$1 trillion Platinum Coin (Marginal Revolution)

$1 trillion Platinum Coin (Marginal Revolution)

Several economists/pundits have offered a creative solution to any debt ceiling fight- have the Treasury mint a $1 trillion platinum coin to be deposited at the Fed. As pointed out by many, including Paul Krugman, the Treasury has a legal loophole to mint any denomination of platinum coin for commemorative occasions (the same is not true for other metals). Depositing the coin at the Fed would have the same effective result of raising the debt ceiling through expanding the Fed’s balance sheet.

Marginal Revolution’s Tyler Cowen argues that, although it may actually work from an economic perspective, there could be legal obstacles to the platinum coin scheme. These legal obstacles would then generate significant uncertainty with real effects on the market.

Another reason not to mint the coin, beyond legal challenges, is the potentially dangerous precedent it would set. The platinum coin would basically grant new printing powers to the President and could theoretically undermine the important, independent power of the Fed to control the money supply. Given the circumstances and potential downgrade (although the last one had little impact on treasury yields), it may seem the expedient and appropriate path but the long-term risk associated with such a policy and corresponding expansion of Executive power has not been fully examined.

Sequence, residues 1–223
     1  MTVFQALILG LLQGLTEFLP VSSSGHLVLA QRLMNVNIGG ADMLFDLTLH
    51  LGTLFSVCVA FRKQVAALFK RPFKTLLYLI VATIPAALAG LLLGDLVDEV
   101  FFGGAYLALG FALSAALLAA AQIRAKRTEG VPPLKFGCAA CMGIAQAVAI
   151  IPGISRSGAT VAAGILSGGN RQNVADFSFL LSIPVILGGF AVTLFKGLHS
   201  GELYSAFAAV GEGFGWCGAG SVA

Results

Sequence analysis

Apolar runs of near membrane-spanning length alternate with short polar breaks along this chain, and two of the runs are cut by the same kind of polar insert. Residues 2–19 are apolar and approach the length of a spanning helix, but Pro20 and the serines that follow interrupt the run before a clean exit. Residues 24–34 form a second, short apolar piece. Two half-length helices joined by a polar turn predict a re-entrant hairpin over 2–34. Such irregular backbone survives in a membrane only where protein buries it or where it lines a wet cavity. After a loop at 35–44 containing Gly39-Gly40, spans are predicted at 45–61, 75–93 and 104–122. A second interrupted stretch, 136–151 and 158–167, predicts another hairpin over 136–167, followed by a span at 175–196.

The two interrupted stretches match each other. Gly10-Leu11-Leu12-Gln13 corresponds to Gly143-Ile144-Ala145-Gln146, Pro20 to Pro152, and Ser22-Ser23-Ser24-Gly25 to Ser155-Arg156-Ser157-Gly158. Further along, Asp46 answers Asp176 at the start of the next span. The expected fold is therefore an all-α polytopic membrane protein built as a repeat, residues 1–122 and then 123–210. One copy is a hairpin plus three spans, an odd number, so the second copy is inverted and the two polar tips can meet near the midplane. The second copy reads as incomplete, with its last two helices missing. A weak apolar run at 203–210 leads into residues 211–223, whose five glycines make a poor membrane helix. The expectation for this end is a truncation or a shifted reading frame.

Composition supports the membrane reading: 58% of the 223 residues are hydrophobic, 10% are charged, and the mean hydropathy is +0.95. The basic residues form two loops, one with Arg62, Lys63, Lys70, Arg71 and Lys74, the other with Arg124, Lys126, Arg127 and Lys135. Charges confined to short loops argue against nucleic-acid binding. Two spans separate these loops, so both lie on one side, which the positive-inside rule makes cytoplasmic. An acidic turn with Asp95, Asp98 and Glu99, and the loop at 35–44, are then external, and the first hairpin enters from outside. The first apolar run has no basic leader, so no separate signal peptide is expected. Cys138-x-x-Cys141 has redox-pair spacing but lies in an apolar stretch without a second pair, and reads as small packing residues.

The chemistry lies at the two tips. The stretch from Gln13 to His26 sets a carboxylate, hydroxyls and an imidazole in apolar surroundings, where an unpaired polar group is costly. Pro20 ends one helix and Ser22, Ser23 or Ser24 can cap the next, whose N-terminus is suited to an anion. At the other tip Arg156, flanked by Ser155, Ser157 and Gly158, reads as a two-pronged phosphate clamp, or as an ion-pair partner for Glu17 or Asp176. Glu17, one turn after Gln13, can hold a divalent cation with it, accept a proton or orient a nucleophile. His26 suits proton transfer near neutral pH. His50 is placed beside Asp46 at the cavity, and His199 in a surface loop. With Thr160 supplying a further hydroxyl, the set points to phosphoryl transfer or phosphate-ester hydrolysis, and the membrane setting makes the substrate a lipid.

1. Not a lawyer, but seems like pretty clear textual authorization to me. As far as expanding executive power, maybe, but the President is still just spending only what Congress has already appropriated. The net effect on the money supply would actually be negative since the private sector would lose the interest income it would have received had the spending been accompanied by normal debt issuance.

    It could certainly cause market uncertainty due to perceived (but inaccurate) inflationary consequences. I imagine there would be plenty of flagellating on ZeroHedge and gold funds talking up their books. But it would definitely not be worse for the market than the threat of Congress refusing to honor their obligations and voluntarily defaulting on debt payments.

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